He had Sharia lessons. He studies the Qur’an. His mother spends much of her time studying the Qur’an. But according to the government and media elites in the West, he completely misunderstands Islam. This fatuous idiocy would be easier to dismiss if so much foreign and domestic policy weren’t based upon it.
“Islamic State crisis: The 13-year-old on ‘righteous path,'” by Mark Lowen, BBC News, November 6, 2014 (thanks to Jason):
In a cramped living room in southern Turkey, a 13-year-old boy is training to join Islamic State.
As he welcomes us in, he appears a regular, happy-looking child: his hair is ruffled, his smile beaming, he wears a grey, hooded sweater.
But as we sit down to talk, he heads next door to change, returning in a black balaclava and military-style camouflage top.
He wants to be known as “Abu Hattab”.
Born in Syria, he was first radicalised last year, joining the jihadist group Sham al-Islam.
He had Sharia lessons and learned how to use weapons, proudly showing us pictures in which he takes aim with machine guns.
Now he spends his days online, watching jihadist videos and chatting on Facebook to IS fighters.
Within weeks, he says, he’ll go to the IS stronghold of Raqqa in Syria to become a young jihadi soldier.
“I like Islamic State because they pursue Sharia and kill infidels, non-Sunnis and those who converted from Islam,” he says.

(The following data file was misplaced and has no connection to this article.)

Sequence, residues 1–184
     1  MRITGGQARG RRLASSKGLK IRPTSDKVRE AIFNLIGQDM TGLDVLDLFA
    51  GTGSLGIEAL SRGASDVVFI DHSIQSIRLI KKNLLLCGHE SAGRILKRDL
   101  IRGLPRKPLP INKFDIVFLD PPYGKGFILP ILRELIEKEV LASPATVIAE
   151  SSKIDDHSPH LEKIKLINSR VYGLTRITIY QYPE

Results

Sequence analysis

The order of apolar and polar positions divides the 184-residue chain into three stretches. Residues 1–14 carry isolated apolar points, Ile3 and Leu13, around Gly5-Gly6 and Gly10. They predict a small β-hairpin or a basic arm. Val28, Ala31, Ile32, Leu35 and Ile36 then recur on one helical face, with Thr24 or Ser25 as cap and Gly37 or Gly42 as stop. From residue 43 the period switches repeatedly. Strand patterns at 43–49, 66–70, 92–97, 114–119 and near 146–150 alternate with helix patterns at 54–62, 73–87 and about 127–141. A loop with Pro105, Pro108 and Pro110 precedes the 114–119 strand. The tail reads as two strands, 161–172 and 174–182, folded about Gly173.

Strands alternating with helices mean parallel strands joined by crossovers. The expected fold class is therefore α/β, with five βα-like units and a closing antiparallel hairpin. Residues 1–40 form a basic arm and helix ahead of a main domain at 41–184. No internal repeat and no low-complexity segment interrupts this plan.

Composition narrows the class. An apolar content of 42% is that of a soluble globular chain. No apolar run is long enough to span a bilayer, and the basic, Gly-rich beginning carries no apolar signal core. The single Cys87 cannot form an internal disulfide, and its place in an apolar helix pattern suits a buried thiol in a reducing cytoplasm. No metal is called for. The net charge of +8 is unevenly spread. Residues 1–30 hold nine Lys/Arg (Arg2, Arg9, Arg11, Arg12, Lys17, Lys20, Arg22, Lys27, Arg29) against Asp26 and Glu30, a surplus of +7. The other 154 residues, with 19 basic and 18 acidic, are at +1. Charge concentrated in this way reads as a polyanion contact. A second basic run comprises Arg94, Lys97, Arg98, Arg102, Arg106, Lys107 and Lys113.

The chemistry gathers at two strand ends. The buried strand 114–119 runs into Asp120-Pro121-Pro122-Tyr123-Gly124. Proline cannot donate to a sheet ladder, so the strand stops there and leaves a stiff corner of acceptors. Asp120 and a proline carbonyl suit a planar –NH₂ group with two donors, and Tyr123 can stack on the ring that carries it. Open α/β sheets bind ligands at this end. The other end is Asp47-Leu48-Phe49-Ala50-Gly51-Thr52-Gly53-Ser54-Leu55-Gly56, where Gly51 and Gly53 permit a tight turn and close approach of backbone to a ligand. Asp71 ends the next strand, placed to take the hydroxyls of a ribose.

“The people killed by Islamic State are American agents. We must behead them as Allah said in the Koran.”
I ask whether he has disclosed his age to those to whom he talks online.
“At the start, I didn’t,” he says.
“But recently I told them – and now they contact me even more, sending me photos and news.”
But why not simply enjoy his childhood, I ask?
“I don’t want to go out with friends or have fun. Allah ordered us to work and fight for the next life – for paradise. Before, I went to the park or the seaside.
“But then I realised I was wrong – and I’ve taken the righteous path.”
His family now lives in Turkey – so would he launch an attack here, or in Britain for example?
“Britain should be attacked because it’s in Nato and is against Islamic State,” he says, “but we would kill only those who deserve it. If they ask me to attack Turkey and give me a holy order, I would do it. Soon the West will be finished.”
At home, he and his mother, who wants to be known as Fatima, lead a devout life.
She spends much of her time studying the Koran and admits strong sympathies for the militants.
Last year, she sent her son for training with Sham al-Islam – but denies brainwashing him.
“I never encouraged him to join Islamic State,” she insists.
“I support some of their beliefs but not others. But I think they came to help the Syrian people – unlike the evil powers around the world.”
If she’s not encouraging him, I ask, what is she doing to stop her son losing his childhood to extreme violence?
“I can’t stop him if he wants to fight,” she says.
“War makes children grow up fast. I want him to become a future leader – an emir.”
Steadily her voice grows in intensity, her eyes narrowing in anger above the scarf she uses to cover her face.
“I would not be sad if he killed Westerners. I’m ashamed that my other sons are working peacefully for civil society groups – they must take up arms.”
How would she feel, I ask, if he dies fighting for Islamic State?
She pauses. “I would be so happy,” she replies, before bowing her head to cry….